Election 2009 begins in India, but leaves a trail of violence (Afternoon Lead)

New Delhi, April 16 (Inditop) The world’s largest democratic exercise to vote in a new government began in India Thursday with voters queuing up in 17 states and union territories in the first phase of staggered elections marred by Maoist violence that left at least 17 people dead.

Election 2009 started at 7 a.m. as Indians voted in 124 constituencies to pick a new 545-seat Lok Sabha in an exercise widely expected to throw up a split verdict.

About 143 million of India’s 714 million voters are eligible to exercise their franchise in the first of five rounds in 185,552 polling centres. A total of 1,715 candidates are in the fray, and over 300,000 electronic voting machines are being used.

Tens of thousands of election staff and security personnel kept vigil to ensure a smooth poll in Kerala, Arunachal Pradesh, Meghalaya, Mizoram, Nagaland, Chhattisgarh, Andaman and Nicobar Island and Lakshwadeep that saw voting in all constituencies. Andhra Pradesh, Assam, Bihar, Uttar Pradesh, Jammu and Kashmir, Maharashtra, Manipur, Orissa and Jharkhand saw partial voting.

But it was a bloody start to the ambitious exercise with Bihar, Chhattisgarh, Orissa, Jharkhand and Maharashtra seeing violence and intimidation as Maoist guerrillas tried to implement their election boycott in a hail of bullets and bomb blasts.

At least 17 people were killed as cadres of the outlawed Communist Party of India-Maoist, which seeks to carry out an agrarian-based revolution, targeted polling officials and security personnel across the insurgency hit states.

Landmine blasts in Chhattisgarh and Jharkhand saw at least 14 people getting killed. In Jharkhand’s Latehar area, seven Border Security Force (BSF) personnel and two others heading to an election centre were killed when their bus was blown up.

In neighbouring Chhattisgarh, five polling officials died when Maoists detonated a landmine in Rajnandgaon district. A paramilitary trooper was shot dead in an exchange of bullets in the Maoist stronghold Dantewada.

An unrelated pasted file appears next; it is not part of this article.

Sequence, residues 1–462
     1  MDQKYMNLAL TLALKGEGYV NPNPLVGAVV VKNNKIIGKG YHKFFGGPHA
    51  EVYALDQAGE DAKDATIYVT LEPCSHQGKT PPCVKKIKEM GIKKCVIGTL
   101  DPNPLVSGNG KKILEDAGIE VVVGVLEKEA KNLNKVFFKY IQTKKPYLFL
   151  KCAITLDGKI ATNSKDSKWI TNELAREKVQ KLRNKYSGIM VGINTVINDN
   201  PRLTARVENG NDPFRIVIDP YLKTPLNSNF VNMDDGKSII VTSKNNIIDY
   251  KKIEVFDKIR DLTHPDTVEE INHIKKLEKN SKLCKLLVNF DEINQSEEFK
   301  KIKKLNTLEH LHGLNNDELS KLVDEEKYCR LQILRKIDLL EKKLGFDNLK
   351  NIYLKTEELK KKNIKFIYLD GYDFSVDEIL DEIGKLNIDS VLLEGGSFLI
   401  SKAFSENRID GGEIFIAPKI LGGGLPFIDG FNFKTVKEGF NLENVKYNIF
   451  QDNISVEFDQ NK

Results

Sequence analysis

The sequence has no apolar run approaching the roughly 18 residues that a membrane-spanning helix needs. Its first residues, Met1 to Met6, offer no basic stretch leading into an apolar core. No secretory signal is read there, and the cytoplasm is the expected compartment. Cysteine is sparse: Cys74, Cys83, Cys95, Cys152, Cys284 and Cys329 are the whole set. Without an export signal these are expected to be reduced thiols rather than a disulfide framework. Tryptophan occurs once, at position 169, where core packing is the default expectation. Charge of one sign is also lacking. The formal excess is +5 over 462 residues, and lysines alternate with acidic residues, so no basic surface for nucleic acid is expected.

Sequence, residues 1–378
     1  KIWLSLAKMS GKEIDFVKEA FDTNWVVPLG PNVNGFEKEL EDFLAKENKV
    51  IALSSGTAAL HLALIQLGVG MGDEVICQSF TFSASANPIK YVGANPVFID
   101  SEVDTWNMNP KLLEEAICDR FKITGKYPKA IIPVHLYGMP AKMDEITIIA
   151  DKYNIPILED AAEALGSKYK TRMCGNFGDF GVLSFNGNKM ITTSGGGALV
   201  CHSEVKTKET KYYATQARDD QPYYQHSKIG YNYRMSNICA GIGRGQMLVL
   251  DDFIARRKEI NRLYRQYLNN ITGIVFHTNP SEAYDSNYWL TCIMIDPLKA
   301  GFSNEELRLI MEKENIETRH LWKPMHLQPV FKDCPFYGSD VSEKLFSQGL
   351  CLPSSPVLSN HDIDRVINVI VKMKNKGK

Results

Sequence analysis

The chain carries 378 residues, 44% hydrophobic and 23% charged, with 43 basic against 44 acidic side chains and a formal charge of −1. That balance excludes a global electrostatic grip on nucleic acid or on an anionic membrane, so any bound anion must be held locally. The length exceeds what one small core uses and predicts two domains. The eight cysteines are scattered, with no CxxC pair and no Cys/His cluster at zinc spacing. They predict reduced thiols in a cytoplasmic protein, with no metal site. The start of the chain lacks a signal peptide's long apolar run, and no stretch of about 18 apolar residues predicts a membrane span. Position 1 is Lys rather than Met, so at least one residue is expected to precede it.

In adjoining Bihar, a policeman and a Home Guard were killed when over a dozen Maoists opened fire at a polling station in Gaya district.

Reports of gun battles, booths being raided, voters being attacked and electronic voting machines being torched came in from several places in the affected states.

The impact could be seen in the low voter turnout. In Jharkhand, polling was as low as nine percent till 11 a.m. in Chhatra constituency though it was higher in the more peaceful seats (17-21 percent).

In Andhra Pradesh, it was 13 percent; in Maharashtra, a little better at 17.14 percent and in Uttar Pradesh 17 percent till 12 noon.

But it was in states like Kerala, where elections for all the 20 seats were held, that voters came out unhindered to exercise their franchise. In the first three hours of polling, 20 percent voters had voted.

With 124 of 543 seats going to the polls, the day is decisive for the main political parties battling for power with several key leaders in the fray.

One of them is Congress’ Renuka Chowdhury, also the women and child welfare minister, fighting to get back to parliament from the Khammam seat in Andhra Pradesh.

Cabinet minister and Nationalist Congress Party (NCP) leader Civil Aviation Minister Praful Patel said in his constituency Bhandara-Gondia in Maharashtra: “We are with the Congress as alliance partners. That does not stop us from having good relations with the Left. In fact, we may need them later. We have a pre-poll alliance with the Congress, so there is no question of not having good relations with them.”

At the end of the day, it was all about the struggle to reach the coveted seat of power in Delhi.

As Defence Minister and Congress leader A.K. Antony said: “Gone are the days of a single party ruling the country. Hence, even though there are secular parties contesting against us in states, when it comes to forming a government in Delhi we will seek the support of all secular parties.”

The exercise was also about the people and their determination to vote no matter what.

Like Kamla Devi, 102, who came to vote at Gurah Brahamana in Jammu region. It was the 20th time she was doing so and the canny voter refused to disclose who she had supported.

But all will be told on May 16 when the millions of votes will be counted.